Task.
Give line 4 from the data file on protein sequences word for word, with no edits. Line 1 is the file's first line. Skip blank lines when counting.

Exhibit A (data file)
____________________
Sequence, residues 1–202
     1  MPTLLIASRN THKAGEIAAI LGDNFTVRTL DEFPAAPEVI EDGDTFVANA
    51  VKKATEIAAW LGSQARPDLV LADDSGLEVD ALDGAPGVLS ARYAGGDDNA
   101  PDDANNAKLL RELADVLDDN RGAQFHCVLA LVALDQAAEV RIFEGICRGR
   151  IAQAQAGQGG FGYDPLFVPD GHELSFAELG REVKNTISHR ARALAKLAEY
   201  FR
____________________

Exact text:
   101  PDDANNAKLL RELADVLDDN RGAQFHCVLA LVALDQAAEV RIFEGICRGR